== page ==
The obituaries tell part of his story - a former volunteer firefighter for Haddonfield, a retired artist and model maker, a World War II veteran.
About a year after we moved to Haddonfield, my mom's brother Bob - Uncle Bob, as he was known to both friends and family - moved next door to us. He, Aunt Doris, and their two boys had lived in a small apartment on Chestnut Street, in a house owned by his sister Ida.
Uncle Bob was an artist. When I was a child, he worked at the old Sears store in Camden - doing their displays. During my high school years he left Sears and bought Peter's, the sandwich shop on Haddon Avenue that had been the after school hang out. This venture didn't work out, and he went back to work as a display artist at Hannick's Displays in Philadelphia until he retired.
Uncle Bob fought in World War II - he had been at the Battle of the Bulge, served in Germany, and was a member of the American Legion in Haddonfield. A few years ago he commented that he had lost the book with his unit's history, for which he had drawn the maps. We found a copy in a library. His maps appear throughout, but sadly he is not credited.
He was a long-time member of the Haddonfield Fire Company. Somehow Uncle Bob and the Fire Company became inseparable in my mind. There were always firemen at his house and mementos all around - pictures, needlework, plates, figurines - radiating his devotion. He and Aunt Doris went everywhere in their Fire Company jackets, even years after he retired.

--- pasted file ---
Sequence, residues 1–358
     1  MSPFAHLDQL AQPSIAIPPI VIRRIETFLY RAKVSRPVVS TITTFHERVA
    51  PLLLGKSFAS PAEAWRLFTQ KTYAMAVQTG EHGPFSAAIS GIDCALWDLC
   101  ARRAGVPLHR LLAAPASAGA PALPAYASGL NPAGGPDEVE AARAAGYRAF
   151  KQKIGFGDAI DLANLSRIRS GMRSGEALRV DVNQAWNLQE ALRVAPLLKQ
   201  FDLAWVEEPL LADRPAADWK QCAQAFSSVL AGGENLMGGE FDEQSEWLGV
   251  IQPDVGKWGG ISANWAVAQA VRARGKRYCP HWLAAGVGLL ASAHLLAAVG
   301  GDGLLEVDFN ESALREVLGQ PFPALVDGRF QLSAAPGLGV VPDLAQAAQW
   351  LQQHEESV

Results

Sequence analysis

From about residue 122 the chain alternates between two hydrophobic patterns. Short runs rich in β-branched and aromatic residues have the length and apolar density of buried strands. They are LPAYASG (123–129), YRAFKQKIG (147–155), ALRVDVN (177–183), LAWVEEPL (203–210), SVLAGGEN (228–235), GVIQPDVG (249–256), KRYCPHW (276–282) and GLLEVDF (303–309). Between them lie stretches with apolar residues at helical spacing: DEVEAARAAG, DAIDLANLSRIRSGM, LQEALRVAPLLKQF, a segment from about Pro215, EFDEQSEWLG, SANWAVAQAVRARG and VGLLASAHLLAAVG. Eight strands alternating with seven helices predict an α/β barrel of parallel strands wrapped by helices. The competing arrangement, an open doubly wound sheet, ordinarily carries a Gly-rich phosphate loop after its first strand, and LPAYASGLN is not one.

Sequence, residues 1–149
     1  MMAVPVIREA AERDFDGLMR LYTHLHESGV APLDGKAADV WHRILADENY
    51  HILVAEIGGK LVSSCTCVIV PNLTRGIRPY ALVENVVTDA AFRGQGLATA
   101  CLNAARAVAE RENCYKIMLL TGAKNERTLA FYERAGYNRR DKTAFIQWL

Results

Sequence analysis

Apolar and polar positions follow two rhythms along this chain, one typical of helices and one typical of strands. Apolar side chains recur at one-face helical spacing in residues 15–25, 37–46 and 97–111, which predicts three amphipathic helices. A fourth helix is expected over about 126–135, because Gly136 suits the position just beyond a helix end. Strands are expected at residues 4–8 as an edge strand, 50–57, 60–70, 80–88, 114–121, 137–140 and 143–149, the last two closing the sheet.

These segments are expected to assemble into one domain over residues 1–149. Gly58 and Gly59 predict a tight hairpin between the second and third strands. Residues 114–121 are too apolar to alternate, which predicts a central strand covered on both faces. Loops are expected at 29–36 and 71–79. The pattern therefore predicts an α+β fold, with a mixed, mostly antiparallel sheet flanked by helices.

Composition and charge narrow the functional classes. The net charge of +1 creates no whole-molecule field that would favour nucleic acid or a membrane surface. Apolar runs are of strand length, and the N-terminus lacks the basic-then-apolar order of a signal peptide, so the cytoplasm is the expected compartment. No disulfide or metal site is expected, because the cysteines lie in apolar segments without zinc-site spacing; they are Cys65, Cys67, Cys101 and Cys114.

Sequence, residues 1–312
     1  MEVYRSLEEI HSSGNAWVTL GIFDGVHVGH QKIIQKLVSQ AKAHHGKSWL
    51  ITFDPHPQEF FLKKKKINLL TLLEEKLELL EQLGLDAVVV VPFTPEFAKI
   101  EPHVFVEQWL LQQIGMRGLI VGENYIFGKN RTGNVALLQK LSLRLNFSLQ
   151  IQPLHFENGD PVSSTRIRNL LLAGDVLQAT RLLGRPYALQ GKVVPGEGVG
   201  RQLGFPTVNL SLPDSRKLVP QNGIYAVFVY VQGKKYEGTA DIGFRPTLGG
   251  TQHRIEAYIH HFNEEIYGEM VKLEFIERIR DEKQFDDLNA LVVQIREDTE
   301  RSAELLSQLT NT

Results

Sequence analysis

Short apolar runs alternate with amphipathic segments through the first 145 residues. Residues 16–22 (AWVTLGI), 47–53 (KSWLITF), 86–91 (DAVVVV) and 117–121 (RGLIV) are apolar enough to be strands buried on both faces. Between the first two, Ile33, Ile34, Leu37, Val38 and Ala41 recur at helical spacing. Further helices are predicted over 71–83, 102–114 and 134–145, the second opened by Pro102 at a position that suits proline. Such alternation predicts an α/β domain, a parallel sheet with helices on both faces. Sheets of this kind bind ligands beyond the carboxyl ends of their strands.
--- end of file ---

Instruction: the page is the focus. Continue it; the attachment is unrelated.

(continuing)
Uncle Bob thrived in the company of other people. It seemed that there was always someone over for dinner on the weekends, even if there wasn't a party. And he loved to throw parties, for which he would decorate as only he could. I still remember the day he came out with a devilish look on his face - we called it "the Uncle Bob look" - and before we knew it the dead mimosa tree between our houses was painted in rainbow colors and populated by stuffed parrots. I think he did this for a tropical party he was planning, but the tree and the parrots remained long afterward. It wasn't unusual to hear the squeal of brakes and the sound of a car backing up so that the driver could take a second look at the rainbow tree.
As Uncle Bob and Aunt Doris got older, they couldn't socialize the way they had over the years. During the 1980's surgery to remove a brain tumor stole the ability of his hands to create - a decoration for a friend or relative, the wooden ship he had begun to build in the basement, or just something silly to make someone smile.
Soon friends began to drift away, unaware of the poor health that was overtaking the once vibrant couple. Aunt Doris died a couple of years ago; and without her as a buffer between him and others, we discovered how ill Uncle Bob really was. It was Alzheimer's. He entered a nursing home where he was back among people - at his job in Philadelphia, or eating lunch at the fire hall, or helping his sister Ida build something at one of her houses. Even in his fantasy world he knew us when we visited and was delighted to have the company.
Uncle Bob died on February 9, eight days
after his sister Ida - we like to think that she
had a project up there that needed his artistic touch. His funeral was
quiet. After the firemen, the legionnaires, and the friends and neighbors
paid their respects, we said our good-byes to Uncle Bob, as he rested
in the Haddonfield Fire Company uniform he had always worn so proudly.